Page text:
Sundown fell yesterday and found me yet several miles deep in the forest. As I was carrying a bowie, I could have built a lean-to, made a bed of spruce boughs and made a warm fire with some nearby quartz. But I also had a compass and flashlight, so I decided to hike out. It would only take an hour, more or less.
But navigating through forest by night is tricky. There are few visual references, and even upon a clear night–such as last night–one cannot see the stars. So it was I progressed north knowing eventually it would take me to the valley of the Rusalka Brook where I would intersect a dirt road, which I could easily hike back to the Hollow. The forest was eerie and beautiful by night. Every tree seemed to possess a life of its own, and sometimes I could swear there were none too distant voices. And, as luck would have it, I stumbled upon a trail I had not before known, a beautiful trail over which ancient maples and birches and elder tamaracks arched and leaned in, as if they sought to swallow the small incursion of mortal folk. I had the sense of meandering into a faerie tale, and kept expecting to meet a dreaming witch or the Big Bad Wolf or perhaps little Red herself.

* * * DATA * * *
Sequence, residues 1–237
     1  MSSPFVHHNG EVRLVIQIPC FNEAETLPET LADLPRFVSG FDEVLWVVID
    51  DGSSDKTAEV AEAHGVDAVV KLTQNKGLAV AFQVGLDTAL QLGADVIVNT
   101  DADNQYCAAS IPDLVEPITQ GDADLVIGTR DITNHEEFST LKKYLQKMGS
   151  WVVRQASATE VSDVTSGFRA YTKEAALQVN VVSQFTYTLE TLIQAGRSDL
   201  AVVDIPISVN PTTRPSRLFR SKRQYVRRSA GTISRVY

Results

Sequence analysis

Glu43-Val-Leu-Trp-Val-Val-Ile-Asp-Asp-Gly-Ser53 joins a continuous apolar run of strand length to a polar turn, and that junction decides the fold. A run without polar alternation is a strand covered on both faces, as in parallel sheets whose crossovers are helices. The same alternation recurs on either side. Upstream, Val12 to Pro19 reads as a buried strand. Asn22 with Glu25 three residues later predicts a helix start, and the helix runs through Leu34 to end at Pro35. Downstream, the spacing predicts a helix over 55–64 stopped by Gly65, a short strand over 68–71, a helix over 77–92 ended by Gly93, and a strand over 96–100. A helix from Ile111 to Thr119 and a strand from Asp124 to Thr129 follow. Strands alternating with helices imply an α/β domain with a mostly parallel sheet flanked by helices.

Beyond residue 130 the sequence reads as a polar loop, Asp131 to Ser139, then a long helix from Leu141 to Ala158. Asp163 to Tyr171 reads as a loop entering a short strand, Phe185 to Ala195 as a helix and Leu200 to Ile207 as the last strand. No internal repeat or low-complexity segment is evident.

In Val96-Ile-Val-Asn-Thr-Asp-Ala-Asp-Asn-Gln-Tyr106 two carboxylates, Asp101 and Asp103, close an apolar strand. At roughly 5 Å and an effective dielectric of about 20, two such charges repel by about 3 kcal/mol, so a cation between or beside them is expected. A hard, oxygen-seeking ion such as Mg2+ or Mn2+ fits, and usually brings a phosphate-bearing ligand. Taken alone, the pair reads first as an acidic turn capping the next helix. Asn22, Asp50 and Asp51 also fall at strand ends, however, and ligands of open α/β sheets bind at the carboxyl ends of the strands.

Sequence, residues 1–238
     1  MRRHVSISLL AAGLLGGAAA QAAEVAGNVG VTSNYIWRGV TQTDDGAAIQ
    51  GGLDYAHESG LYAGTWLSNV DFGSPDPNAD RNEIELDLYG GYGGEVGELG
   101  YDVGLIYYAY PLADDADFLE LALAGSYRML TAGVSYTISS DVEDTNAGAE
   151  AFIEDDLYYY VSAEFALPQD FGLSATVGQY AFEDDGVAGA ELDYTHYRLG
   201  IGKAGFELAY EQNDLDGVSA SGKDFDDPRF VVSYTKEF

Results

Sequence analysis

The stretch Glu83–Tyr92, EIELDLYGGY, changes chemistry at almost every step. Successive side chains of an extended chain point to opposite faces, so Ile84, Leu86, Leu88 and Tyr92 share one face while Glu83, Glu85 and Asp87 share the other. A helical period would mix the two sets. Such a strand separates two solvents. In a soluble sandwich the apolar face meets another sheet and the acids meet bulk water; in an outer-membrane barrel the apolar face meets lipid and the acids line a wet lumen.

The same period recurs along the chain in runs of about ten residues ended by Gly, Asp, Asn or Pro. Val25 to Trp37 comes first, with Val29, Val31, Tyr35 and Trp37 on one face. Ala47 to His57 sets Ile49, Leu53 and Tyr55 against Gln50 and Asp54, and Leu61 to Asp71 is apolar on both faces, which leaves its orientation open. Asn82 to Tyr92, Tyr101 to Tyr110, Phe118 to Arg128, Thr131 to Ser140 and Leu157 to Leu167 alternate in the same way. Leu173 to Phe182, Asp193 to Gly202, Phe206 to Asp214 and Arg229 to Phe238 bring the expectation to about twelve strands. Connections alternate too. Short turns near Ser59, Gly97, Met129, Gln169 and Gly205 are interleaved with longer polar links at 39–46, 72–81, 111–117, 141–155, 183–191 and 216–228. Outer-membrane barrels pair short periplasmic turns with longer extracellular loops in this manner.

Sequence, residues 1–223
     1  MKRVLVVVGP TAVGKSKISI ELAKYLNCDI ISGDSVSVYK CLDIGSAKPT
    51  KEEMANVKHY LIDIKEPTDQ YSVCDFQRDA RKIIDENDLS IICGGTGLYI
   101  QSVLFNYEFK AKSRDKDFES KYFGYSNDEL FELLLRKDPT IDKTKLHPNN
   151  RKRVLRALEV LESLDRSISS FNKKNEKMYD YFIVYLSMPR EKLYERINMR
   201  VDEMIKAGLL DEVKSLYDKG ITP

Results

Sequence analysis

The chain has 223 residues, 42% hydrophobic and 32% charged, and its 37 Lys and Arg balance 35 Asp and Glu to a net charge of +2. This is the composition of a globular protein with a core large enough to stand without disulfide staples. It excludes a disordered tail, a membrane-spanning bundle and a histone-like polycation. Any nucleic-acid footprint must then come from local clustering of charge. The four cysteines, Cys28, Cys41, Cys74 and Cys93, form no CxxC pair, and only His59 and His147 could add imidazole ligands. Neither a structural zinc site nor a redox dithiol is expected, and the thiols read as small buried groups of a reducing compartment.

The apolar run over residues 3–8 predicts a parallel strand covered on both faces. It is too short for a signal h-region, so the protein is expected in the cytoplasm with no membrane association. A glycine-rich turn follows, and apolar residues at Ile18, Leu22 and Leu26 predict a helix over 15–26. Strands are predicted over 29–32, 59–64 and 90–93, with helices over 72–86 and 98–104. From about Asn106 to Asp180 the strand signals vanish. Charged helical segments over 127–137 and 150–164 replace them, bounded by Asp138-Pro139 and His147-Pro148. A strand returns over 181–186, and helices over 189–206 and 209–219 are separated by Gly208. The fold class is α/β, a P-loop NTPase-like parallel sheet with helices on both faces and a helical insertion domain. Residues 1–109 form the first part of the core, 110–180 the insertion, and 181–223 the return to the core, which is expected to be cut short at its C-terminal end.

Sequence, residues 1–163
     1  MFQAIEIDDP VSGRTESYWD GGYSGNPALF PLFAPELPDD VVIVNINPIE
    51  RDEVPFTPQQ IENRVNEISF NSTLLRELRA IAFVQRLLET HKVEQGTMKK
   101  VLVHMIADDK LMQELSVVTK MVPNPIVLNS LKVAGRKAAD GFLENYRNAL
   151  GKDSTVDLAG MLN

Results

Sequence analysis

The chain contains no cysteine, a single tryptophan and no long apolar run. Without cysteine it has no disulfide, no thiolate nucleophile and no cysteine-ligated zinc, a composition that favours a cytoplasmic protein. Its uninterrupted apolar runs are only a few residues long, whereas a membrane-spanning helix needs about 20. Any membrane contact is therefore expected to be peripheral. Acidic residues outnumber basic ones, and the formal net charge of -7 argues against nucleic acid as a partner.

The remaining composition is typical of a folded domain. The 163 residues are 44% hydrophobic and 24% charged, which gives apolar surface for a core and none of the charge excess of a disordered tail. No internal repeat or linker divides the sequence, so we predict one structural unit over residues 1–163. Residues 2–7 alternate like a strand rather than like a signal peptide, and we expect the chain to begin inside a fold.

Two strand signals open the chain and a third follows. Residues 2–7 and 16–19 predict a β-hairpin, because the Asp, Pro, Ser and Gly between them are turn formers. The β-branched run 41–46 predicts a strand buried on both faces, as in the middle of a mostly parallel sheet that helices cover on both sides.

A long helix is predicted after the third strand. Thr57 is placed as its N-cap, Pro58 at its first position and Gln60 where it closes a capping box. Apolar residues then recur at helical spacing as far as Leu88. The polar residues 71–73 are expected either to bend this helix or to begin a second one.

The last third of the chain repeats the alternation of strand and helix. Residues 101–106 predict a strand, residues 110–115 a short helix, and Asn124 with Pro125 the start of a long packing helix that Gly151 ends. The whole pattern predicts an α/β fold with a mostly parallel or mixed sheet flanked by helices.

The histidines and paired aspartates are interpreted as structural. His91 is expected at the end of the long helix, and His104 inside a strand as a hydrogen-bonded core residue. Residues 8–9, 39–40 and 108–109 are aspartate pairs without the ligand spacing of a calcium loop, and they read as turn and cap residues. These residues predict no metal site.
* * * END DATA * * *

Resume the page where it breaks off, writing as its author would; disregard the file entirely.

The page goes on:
I was almost saddened when the trail opened out to the dirt road, to leave behind that enchanted place. Such treasures lie in every forest; they all whisper of the elder and the eldritch. Such wealth is in every forest–old lore and secret things and forgotten ways. Every forest is beyond value.